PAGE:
At the end of the galaxy season, a shot of M109 should be added. You do not have much time during the nights and the darkness is not really dark anymore. In addition, it is very warm in these nights with 17 degrees Celsius and the cooling of the Atik goes only down to -12 degrees. The Newton behaves very differently at such temperatures than on cold nights.
On 09.05. I made a short 300 secs full moon snapshot of the fireworks galaxy. After a few days a Supernova became visible and I photographed the galaxy again. The animation shows the comparison between the two images. In addition, I used the short nights to capture the spiral galaxy NGC 5907. The galaxy in edge position makes a good figure.
As always at full moon the night is perfect, if there were not the disturbing moonlight. As the summer milkyway slowly rises again over my house roof in the north-east direction, I rang the nebula season today and tried to capture the elephant's trunk with a large focal distance. A classic narrowband object - and with the moonstand only at all feasible.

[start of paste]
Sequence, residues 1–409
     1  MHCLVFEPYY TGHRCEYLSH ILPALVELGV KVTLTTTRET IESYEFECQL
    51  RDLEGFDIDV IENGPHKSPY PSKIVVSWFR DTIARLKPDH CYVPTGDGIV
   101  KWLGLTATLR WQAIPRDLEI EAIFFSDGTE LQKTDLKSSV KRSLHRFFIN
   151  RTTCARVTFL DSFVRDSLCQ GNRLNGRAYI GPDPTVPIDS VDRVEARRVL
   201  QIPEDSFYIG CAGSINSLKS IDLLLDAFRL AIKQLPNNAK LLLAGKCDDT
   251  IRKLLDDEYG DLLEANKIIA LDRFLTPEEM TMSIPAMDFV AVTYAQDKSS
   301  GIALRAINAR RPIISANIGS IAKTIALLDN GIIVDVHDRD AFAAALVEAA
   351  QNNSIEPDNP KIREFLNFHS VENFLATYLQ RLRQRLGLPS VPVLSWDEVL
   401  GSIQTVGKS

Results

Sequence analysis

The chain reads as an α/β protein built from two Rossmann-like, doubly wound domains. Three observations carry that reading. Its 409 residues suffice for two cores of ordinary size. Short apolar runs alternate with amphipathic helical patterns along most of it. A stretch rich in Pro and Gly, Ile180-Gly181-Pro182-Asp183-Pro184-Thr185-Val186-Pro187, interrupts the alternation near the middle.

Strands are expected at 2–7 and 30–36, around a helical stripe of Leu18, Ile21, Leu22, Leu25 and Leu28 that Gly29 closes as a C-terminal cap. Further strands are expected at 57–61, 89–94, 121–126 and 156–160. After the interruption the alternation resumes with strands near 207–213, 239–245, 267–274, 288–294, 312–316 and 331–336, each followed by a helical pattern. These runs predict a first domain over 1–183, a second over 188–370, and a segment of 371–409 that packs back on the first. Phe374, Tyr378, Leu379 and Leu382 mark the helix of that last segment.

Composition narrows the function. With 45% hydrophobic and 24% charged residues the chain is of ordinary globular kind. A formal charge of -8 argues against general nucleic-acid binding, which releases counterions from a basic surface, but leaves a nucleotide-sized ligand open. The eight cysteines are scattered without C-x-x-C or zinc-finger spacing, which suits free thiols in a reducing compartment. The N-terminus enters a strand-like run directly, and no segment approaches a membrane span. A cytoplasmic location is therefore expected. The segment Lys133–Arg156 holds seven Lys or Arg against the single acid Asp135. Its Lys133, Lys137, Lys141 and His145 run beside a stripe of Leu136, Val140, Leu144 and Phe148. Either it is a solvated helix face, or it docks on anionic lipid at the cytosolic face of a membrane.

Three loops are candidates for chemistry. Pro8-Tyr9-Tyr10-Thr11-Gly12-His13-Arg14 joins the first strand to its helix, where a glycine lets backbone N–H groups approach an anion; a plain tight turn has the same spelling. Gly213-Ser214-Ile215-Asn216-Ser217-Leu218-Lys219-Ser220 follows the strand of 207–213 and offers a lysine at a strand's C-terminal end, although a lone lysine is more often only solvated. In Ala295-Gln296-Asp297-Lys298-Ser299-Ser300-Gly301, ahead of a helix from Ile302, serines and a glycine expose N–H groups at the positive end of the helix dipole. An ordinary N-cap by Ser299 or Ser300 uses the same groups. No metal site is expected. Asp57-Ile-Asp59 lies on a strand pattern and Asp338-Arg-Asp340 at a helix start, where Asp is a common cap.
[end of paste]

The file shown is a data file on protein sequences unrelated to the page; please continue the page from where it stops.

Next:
One of my favorite galaxies - NGC 4725 - has not made it into my collection yet. In the last 14 months, I had started to collect data twice, but something always came between. This year, I wanted to finish the galaxy finally. Practically, I also had access to the luminances of the first shots, which is why the effort of exposure time should be moderate.
Dwarf galaxies have affected me somehow. Apart from the fact that every time it is a challenge to image it in a reasonable way, I'm also challenged by the fact that there are not as many amateur pictures as for the standard galaxies. Besides, they are usually quite high in the sky and are better to reach from my location than the galaxies eg. in the hair of Berenike. This time, it is NGC 4395's turn.